Consumers Say Fewer Ads Spell Trouble


Consumers Say Fewer Ads Spell Trouble

More than 48% of U.S. adults believe that a lack of advertising by a retail store, bank or auto dealership during a recession indicates that the business is likely struggling, according to a study from Ad-ology Research. At the same time, a large majority of consumers think businesses that continue to advertise are competitive and/or committed to doing business.

The research study, Advertising’s Impact in a Soft Economy, was undertaken to determine whether stopping advertising during the recession could harm a business. It found that advertising appears to play a key role in consumers’ views of how a business is doing. By not advertising, businesses may be sending a warning signal to current and potential customers, Ad-ology said (via Marketing Charts).

For example, when consumers no longer see/hear advertising from an auto dealership during a down economy, 50% say they view the dealership as struggling. When a dealership advertises during tough times, 34% believe the dealership to be committed to doing business.

Consumer perception is similar for stores and banks. When advertising ceases among the following businesses, consumers thing they are struggling and may not be in business much longer. However, when they continue to advertise frequently, consumers believe they’re committed to doing business and are competitive and performing well.

“It is critical to advertise in the current economic climate, to maintain long-term positive consumer perception of your brand,” said C. Lee Smith, president and CEO of Ad-ology Research. “Advertising not only assures consumers of a business’ reliability in a soft economy, but it can influence where and what they buy, especially when the ads address concerns about value.”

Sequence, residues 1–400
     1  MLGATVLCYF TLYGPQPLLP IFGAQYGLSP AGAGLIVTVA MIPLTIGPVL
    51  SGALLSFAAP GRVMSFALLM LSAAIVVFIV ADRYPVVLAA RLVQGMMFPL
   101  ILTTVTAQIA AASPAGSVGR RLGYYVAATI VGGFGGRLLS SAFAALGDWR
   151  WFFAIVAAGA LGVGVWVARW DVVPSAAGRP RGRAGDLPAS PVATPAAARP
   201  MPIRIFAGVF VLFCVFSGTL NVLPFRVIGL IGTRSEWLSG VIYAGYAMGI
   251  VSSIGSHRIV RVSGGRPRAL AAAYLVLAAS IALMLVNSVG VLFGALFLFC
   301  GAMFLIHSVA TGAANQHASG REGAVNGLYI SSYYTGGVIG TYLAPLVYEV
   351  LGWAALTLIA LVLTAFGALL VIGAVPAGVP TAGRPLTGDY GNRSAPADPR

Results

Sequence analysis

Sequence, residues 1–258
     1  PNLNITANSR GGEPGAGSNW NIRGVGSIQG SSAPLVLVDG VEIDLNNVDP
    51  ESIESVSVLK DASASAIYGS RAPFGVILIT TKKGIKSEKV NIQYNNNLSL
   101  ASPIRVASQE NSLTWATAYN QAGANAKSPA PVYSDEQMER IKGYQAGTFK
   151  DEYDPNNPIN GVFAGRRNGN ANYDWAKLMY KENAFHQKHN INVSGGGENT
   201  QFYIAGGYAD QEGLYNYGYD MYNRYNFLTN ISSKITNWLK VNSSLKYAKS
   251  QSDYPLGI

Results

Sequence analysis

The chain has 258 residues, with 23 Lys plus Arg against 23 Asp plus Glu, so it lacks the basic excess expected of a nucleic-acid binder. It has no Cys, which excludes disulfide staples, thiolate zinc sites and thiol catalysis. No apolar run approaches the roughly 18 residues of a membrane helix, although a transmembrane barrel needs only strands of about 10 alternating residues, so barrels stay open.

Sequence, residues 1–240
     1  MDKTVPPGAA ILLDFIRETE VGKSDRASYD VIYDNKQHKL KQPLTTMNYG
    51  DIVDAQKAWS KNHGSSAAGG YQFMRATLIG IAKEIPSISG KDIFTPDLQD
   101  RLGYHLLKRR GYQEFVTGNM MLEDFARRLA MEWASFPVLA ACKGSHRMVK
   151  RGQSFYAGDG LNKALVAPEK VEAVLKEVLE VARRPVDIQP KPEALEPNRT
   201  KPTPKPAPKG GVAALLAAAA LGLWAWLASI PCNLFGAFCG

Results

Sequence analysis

The study also found that:

62% of respondents say media news reports make the economy worse, and 44% say they consume less news now than they did a year ago.
46% of consumers view a company’s products/services less favorably if that company is announcing layoffs.
40% of consumers use coupons more now than they did a year ago% are somewhat willing to pay more for “green” products that claim to be better for the environment, and 7% are very willing.
46% are somewhat willing to pay more for “healthy” or “organic” food products, while 7% say they are very willing.
A deeply discounted price is the number-one factor that would make consumers more likely to purchase a big-ticket item (more than $1,000).
TV, newspaper, direct mail, and internet top local media from which consumers saw/heard an ad within the last 30 days that led them to take action.
Store websites rank second only to search engines as the way consumers research products and shop online.
Research from Nielsen IAG earlier this year found that advertising does indeed help ailing financial brands, and echoes these findings from Ad-ology.

About the survey: Ad-ology Research surveyed an online consumer panel of 1,225 adults in a manner that is 98% representative of the adult population of the United States.The survey was fielded from April 24-29, 2009.

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